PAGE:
About a year ago, I was hearing a lot about cryptocurrency on social media, so I decided to give it shot. I invested a couple of hundred dollars in Bitcoin and Ethereum, the two most popular cryptocurrencies. I had no idea what I was doing, and I was amazed by how easy it was to enter this digital currency landscape. For the next couple of months, I was glued to my screen, stress and anxiety rising and falling with the growth and crashes of the cryptocurrency market. In the end, I decided the market was too volatile for my liking so I sold my stocks and made about fifty dollars in profit. During those few months, I learned a lot about investing in cryptocurrency but ended up with more questions than when I started.
Among these were questions about regulation. How can governments regulate a market that is so decentralized? Are there any examples of governments regulating cryptocurrencies? And, of course, should cryptocurrency even be regulated?
There are already many examples of countries regulating the cryptocurrency market. China, for example, has gone the furthest in crypto regulation by banning bitcoin mining in May 2021. Mining refers to the process by which new units of cryptocurrency enter into circulation, similar to the printing of money by a central bank. China has also banned cryptocurrency transactions. These regulations have made the operation of cryptocurrency in China impossible.
On the other side of the coin are countries such as Singapore, which is considered a cryptocurrency haven. The country gets this reputation partly due to its loose classification of the status of cryptocurrency. Namely, cryptocurrencies are not viewed as legal property in Singapore, and in most cases, they are not subject to taxation.
The magic of cryptocurrency is its decentralized nature, but this carries wide-reaching economic consequences. The most worrying consequence is an unregulated cryptocurrency market contributing to an increase in wealth inequality.
Rising wealth inequality is a dire issue in the 21 century. In the US for example, the top 10% of households hold 70% of the country’s wealth, while the bottom 50% hold 2%. Furthermore, the top 1% of Americans control about 30% of the wealth or around 16 times more than the bottom 50%. Rising wealth inequality within countries is happening around the world and is acting as a catalyst for a whole range of other health and social issues such as increased poverty and by extension, decreasing education outcomes.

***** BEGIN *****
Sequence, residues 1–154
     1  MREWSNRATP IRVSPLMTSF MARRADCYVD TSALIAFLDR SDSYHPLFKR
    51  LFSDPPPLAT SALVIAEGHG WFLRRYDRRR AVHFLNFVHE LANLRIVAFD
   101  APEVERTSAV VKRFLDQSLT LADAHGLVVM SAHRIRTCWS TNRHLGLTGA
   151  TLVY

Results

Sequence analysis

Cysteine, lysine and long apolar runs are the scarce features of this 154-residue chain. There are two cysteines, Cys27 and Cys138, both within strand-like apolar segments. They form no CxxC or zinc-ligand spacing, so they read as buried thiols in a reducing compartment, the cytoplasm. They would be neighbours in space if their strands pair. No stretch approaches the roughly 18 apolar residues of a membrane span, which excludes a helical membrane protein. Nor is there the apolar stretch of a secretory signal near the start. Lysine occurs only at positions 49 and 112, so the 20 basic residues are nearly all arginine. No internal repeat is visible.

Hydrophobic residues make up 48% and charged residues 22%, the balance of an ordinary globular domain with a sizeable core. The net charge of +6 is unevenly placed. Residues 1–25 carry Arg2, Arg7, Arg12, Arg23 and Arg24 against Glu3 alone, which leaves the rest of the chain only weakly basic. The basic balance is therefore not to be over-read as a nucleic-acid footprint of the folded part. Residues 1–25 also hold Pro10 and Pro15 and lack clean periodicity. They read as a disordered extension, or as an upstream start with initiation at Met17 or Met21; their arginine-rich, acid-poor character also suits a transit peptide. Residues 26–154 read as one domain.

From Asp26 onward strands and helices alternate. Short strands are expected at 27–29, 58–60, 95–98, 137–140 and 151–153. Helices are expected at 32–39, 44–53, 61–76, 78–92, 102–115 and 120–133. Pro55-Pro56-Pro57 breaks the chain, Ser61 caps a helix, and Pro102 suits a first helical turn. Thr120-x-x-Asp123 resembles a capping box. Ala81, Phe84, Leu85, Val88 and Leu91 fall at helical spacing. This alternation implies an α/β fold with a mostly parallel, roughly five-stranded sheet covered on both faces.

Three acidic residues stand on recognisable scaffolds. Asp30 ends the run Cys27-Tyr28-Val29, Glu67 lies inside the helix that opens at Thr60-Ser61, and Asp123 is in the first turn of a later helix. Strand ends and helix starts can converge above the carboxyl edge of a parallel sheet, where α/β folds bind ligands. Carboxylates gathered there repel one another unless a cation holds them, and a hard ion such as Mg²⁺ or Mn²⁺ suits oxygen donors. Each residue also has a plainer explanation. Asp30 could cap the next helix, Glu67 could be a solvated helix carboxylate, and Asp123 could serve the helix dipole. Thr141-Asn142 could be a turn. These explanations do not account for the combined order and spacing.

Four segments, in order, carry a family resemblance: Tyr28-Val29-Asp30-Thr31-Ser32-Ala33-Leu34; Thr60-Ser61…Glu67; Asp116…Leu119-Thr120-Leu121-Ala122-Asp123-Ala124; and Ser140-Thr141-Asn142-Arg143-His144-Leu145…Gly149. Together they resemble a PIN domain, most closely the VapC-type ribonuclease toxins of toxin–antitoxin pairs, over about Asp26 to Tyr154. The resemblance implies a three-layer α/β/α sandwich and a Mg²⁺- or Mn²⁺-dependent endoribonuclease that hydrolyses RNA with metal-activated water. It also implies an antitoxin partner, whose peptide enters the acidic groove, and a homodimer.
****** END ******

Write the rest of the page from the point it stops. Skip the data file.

I believe that a completely unregulated cryptocurrency market will greatly exacerbate this issue.
As the famed economist Thomas Piketty wrote in his book Capital in the 21st Century, rising wealth inequality is explained, by one simple equation, r > g. This equation implies that the rate of return on capital (r) is greater than the overall growth of the economy (g). In a completely unregulated cryptocurrency market, gains made from investing in cryptocurrency would be untaxed, resulting in individuals – who can invest large sums of capital in the first place – receiving massive returns without actually contributing anything to the growth of a national economy.
To visualize this phenomenon, imagine a pie. The size of the pie itself represents the size of a national economy. Let’s say the top 10% of a population owns 70% of that pie while the bottom 90% owns 30%. By receiving untaxed returns on investments in cryptocurrency, the top 10% would be increasing their share of the pie without actually making the pie bigger in and of itself. If returns on cryptocurrency are taxed, this tax revenue is injected into a national economy, thus increasing the overall size of the pie. Following this trend, if taxes are not levied on cryptocurrency returns, eventually the pie would become increasingly owned by the richest in society without the size of the pie growing. As a result, the wealth of the bottom majority would increasingly shrink it becomes almost negligible.
This is simple economic theory, and due to cryptocurrencies’ volatile yet high rate of returns, an unregulated cryptocurrency market runs the risk of greatly contributing to the already worrying issue of rising wealth inequality.
Of course, this does not mean regulations need to be as strict as China’s. A simple capital gains tax of 20 – 30%, which is standard for traditional investments, has been proven to help alleviate wealth inequality. Also, taxing cryptocurrency is not unprecedented. Countries such as Australia and Britain have already classified returns on cryptocurrency investments as taxable capital.
Regulation on cryptocurrency should not be a worrying sign of encroaching government intervention in a space that is designed for decentralization. Simple regulation will only prevent the worse consequences of a complete “wild west” cryptocurrency market. Moreover, casual investors in cryptocurrency, like I was last year, do not have to worry about this regulation since usually, returns on investments are only taxed if they exceed a certain amount.
Simply put, standard regulation in the cryptocurrency market should be welcomed, not feared.